Having first come to our attention last year thanks to excellent second LP Drone Head, The Janitors have continued to make a name for themselves ever since. Hailing from Stockholm, their heady mix of shoegaze and drone rock sets them out as one of the most intense live outfits on the circuit (as anyone fortunate enough to see their set with Damo Suzuki last year at London's Shacklewell Arms will testify). This week saw them released their first new recordings of 2014 in the shape of the Evil Doings Of An Evil Kind EP. Expect to be sonically annihilated in the flesh.
Teeth Of The Sea
(Camp Stage, Saturday, 2230-2315)
Perhaps the most unconventional band on the bill where genre definition or classification is concerned. Teeth Of The Sea exist purely in a realm of their own. Experimental to the core, their music takes in avant garde dalliances with electronica, post rock, metal and even classical styles without sounding too close to any of the above. Comparisons to Godspeed! You Black Emperor and Boards Of Canada are more like reference points in that neither of those have a specifically recognisable style or sound either. Live they're an even more inimitable experience. Avoid at your peril!
(Blade Factory Stage, Saturday, 2215-2245)
Hailing from Dublin with a penchant for fusing Spector-esque harmonies with fuzzed up, farfisa drenched excursions. DiS first encountered September Girls at a low-key Indietracks warm-up in Nottingham two years ago and we've been pretty smitten ever since. Debut album Cursing The Sea came out at the beginning of the year to universal acclaim from all sections of the media, while their live show goes from strength to strength with each passing performance.
(Camp Stage, Friday, 2000-2030)
Arguably the loudest band these shores have produced for quite some time, Bristol's Spectres have come a long way since 2011's Family EP unsuspectingly launched them into the spotlight. Pivotal figures among their native city's burgeoning music scene - band members Joe Hatt and Adrian Dutt founded local imprint Howling Owl Records. The band recently hooked up with London's Sonic Cathedral which should see their eagerly anticipated first long player, currently being mastered by Spacemen 3 legend Sonic Boom, released in February 2015.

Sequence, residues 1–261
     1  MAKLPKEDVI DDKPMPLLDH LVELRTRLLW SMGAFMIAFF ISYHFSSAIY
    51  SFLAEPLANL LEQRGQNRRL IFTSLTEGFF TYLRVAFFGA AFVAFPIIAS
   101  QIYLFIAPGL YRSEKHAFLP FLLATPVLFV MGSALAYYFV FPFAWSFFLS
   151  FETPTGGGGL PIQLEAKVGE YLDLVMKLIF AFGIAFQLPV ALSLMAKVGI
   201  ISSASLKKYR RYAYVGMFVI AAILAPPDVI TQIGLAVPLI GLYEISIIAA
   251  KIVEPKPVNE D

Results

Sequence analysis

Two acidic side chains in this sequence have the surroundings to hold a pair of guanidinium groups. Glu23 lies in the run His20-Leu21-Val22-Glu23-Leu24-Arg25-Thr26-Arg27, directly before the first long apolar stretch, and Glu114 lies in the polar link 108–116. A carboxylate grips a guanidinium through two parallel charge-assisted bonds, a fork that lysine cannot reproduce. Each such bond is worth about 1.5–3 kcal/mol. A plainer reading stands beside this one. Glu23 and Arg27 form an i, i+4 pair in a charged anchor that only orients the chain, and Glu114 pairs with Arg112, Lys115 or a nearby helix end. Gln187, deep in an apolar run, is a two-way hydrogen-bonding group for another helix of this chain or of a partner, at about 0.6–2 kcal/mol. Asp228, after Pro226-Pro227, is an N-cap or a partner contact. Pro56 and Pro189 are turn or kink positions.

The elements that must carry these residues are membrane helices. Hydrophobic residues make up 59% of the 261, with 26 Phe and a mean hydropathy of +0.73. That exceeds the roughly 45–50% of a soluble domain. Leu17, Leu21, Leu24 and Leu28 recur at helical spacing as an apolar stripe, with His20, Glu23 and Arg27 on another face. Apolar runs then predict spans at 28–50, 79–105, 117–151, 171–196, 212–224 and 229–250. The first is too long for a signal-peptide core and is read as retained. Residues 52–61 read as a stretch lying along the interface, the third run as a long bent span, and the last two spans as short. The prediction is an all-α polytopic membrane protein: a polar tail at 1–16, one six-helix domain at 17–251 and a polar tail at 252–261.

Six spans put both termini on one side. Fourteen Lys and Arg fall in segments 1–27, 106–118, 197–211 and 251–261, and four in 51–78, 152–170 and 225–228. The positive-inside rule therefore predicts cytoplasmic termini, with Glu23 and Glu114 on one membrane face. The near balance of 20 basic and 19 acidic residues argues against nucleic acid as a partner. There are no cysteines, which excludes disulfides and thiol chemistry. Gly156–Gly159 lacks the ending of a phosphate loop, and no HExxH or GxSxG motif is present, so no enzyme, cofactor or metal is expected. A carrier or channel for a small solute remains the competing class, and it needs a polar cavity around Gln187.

(Furnace Stage, Friday, 2230-2315)
Three of Allah-Las were working in a record store when the band got together, which probably explains the broad spectrum of reference points ensconced within their music. Like a twenty-first century Byrds on vacation with The Zombies via Primal Scream's Sonic Flower Groove and any number of Sarah Records bands you'd care to mention, Allah-Las use their influences wisely. Where the past becomes the future, they're a distinctly recognisable force with an impressive and largely flawless output to boot. Recent long player Worship The Sun scored an impressive 8/10 on DiS. See what all the fuss is about with their Friday night slot sure to be one of the weekend's major talking points.
One Unique Signal
(Blade Factory Stage, Saturday, 2315-2345)
One of our favourite records of 2013 came courtesy of London's One Unique Signal. Aether, released last November, combined the intensity of their live shows with an experimental diversity fusing elements of post-rock, shoegaze and visceral noise. With a new EP set to be released over the coming months, they're a mesmerising experience in the flesh and one that should not be missed this coming weekend.
(Furnace Stage, Saturday, 0115-0215)
Shrouded in mystery since bursting onto the scene two years ago with their incredible debut World Music, Gothenburg collective Goat create an alluring presence both on record and in the flesh. With the band members identities still a closely guarded secret, their multi-coloured masks and costumes only add to the sonic fusion emanating from the speakers. Second album Commune is out this week. Expect a celebratory performance worthy of their bill-topping status.